Thomas Eakins: Study of the Head of Samuel David Gross
Study of the Head of Samuel David Gross, 1875
Oil on canvas
In 1875 the young Eakins searched for a theme that would represent him well at the nation's Centennial exhibition in his native Philadelphia. The subject he chose was an ambitious one, far from the safe, traditional history tableau a less adventuresome artist would have submitted for such an important occasion. Painted on a monumental scale, the finished composition shows an operation and medical demonstration performed by the world-famous surgeon Samuel David Gross at Philadelphia's Jefferson Medical College. The Gross Clinic (acquired by the college in 1878 and still displayed there) relates directly to Eakins's own experience as an art student who had witnessed many medical procedures in an effort to understand the intricacies of human anatomy.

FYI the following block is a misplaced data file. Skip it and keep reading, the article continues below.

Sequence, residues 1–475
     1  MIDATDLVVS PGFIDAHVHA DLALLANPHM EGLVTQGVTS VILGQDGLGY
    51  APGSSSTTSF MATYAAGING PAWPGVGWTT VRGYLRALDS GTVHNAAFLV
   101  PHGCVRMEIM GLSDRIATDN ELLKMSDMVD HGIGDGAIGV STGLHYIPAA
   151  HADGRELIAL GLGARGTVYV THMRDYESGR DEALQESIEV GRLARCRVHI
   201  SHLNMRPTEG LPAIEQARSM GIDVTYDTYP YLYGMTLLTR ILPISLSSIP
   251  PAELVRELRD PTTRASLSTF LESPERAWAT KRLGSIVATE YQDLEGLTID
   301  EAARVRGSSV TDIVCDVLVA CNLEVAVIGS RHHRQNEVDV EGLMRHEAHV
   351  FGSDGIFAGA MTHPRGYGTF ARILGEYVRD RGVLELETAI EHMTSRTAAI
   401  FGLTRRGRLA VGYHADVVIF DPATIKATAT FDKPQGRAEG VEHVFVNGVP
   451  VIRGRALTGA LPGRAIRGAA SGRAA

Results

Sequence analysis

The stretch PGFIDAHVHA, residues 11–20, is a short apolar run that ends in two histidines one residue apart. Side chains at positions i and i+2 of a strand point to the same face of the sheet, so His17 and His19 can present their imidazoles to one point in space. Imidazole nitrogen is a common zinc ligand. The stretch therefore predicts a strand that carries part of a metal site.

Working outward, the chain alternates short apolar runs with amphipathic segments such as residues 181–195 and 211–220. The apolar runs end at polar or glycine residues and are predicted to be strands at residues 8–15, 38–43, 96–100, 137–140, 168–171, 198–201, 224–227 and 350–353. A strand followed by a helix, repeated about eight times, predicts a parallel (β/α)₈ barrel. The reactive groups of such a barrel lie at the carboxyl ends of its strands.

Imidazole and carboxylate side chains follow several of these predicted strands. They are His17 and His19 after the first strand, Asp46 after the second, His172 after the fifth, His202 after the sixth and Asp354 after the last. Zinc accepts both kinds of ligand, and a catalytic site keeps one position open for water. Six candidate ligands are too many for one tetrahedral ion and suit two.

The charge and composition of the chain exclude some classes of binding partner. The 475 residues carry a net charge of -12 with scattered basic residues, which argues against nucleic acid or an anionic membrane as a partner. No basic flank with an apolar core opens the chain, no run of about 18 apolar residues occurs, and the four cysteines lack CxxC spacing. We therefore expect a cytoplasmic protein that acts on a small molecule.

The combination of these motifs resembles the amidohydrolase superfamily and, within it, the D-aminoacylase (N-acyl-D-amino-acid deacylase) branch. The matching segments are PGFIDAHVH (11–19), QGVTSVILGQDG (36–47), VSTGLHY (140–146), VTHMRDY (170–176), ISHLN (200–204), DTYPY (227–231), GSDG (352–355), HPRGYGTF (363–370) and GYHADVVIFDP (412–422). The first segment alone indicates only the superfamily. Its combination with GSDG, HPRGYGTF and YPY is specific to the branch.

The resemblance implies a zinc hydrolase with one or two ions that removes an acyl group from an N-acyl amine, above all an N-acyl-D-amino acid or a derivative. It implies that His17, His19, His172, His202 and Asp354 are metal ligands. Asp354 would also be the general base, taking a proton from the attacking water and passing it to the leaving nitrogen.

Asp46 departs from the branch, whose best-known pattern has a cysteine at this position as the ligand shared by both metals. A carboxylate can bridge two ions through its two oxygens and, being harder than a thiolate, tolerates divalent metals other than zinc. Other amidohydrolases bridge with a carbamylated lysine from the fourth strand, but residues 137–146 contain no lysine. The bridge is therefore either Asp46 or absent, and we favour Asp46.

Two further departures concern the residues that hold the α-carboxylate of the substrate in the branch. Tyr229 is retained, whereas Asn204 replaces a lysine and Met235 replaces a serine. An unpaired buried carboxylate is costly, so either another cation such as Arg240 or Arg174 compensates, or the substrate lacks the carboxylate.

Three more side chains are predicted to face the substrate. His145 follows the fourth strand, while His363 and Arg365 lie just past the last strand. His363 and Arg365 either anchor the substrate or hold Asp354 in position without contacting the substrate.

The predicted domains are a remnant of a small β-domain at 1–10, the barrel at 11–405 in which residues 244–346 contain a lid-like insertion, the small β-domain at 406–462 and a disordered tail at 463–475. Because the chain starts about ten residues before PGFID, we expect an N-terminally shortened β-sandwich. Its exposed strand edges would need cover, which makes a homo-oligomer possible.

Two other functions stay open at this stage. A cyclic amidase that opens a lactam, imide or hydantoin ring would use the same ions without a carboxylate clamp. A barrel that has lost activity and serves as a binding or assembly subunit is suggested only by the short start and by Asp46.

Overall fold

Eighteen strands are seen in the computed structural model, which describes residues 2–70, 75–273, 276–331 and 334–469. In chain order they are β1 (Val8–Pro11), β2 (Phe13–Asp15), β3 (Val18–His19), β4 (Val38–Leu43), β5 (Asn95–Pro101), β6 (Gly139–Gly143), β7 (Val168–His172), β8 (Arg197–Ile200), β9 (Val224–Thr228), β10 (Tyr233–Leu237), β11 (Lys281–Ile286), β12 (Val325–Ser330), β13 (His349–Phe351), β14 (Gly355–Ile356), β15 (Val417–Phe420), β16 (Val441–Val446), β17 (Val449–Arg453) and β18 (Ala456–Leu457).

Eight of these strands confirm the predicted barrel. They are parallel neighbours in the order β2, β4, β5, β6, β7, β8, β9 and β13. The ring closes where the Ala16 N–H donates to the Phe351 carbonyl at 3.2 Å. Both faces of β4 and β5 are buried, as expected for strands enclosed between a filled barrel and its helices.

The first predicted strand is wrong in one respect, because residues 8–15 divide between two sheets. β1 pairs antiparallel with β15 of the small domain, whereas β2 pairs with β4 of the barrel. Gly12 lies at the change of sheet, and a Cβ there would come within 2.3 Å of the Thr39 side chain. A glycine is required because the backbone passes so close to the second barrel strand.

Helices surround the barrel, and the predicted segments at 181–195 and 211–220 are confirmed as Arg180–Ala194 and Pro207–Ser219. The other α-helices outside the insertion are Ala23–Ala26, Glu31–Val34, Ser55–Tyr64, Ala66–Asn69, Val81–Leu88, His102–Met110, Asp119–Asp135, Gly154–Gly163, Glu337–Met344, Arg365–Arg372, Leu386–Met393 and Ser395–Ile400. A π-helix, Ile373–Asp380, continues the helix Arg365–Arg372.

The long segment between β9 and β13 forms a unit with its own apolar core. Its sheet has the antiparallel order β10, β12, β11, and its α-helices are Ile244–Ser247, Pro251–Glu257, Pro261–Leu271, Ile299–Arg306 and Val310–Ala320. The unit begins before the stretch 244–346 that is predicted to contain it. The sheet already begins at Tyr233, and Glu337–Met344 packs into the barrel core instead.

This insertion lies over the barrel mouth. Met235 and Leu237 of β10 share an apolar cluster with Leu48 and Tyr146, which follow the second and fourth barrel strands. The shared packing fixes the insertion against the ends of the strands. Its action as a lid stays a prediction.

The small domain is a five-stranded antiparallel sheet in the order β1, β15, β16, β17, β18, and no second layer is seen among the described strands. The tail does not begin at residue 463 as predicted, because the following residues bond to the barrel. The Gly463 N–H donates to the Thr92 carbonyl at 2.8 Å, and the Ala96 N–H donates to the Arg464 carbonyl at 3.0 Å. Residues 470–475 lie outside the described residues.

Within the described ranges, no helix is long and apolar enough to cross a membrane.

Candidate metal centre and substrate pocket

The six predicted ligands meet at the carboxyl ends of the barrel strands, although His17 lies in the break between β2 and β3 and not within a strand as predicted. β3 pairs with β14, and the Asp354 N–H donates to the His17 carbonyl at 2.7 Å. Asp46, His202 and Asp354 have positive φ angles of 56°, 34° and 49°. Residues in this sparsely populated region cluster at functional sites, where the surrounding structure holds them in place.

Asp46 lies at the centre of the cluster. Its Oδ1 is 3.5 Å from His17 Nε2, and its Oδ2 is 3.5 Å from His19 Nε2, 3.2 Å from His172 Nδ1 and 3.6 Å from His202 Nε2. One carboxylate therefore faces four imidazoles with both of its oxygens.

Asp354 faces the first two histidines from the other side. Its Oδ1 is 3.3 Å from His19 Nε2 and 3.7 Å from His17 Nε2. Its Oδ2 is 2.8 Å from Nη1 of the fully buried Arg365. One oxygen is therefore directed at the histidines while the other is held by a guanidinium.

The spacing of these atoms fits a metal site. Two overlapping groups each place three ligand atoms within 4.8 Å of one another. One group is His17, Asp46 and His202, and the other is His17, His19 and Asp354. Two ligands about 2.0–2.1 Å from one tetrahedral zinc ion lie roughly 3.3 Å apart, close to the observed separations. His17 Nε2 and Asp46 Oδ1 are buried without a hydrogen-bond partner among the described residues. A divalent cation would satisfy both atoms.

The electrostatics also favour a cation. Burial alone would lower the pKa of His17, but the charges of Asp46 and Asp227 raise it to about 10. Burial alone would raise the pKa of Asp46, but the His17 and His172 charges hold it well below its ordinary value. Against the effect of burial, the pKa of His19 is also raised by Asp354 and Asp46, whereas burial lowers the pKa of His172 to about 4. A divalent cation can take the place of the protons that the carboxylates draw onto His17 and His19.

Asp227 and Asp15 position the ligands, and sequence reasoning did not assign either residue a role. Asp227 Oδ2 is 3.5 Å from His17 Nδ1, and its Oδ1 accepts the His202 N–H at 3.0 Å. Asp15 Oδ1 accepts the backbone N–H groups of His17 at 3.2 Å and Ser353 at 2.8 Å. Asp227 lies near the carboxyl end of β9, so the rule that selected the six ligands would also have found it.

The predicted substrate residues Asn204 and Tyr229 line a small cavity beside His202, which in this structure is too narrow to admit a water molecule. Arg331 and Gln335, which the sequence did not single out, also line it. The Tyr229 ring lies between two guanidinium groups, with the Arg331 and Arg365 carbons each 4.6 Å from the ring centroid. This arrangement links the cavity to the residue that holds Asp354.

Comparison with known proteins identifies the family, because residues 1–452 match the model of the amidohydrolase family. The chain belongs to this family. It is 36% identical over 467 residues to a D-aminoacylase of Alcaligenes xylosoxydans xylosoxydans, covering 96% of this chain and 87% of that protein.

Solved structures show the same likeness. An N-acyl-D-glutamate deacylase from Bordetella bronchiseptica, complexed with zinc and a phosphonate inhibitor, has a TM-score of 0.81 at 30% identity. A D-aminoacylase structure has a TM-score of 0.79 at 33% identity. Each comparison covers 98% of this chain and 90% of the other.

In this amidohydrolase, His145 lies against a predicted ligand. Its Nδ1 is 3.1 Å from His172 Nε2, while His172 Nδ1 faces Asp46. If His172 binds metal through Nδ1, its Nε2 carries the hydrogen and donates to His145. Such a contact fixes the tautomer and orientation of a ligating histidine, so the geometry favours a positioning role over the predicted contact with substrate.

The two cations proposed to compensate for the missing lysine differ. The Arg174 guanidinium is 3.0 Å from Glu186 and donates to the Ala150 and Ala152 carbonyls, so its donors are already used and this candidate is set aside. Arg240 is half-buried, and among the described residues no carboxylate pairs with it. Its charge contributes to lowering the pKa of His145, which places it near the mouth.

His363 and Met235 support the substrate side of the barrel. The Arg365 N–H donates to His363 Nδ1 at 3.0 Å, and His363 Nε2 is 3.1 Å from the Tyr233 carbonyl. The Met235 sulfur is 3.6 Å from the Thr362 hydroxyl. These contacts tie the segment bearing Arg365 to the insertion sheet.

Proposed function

Following his typical working method, Eakins painted several preparatory studies for his masterpiece, in which the surgeon, holding a blood-covered scalpel, stands over the patient in the center of an amphitheater full of spectators. For Worcester's sketch Eakins used a palette knife to capture the essential volumes of the head; the dramatic splash of light on the forehead conveys the genius he saw in the heroic image of Dr. Gross.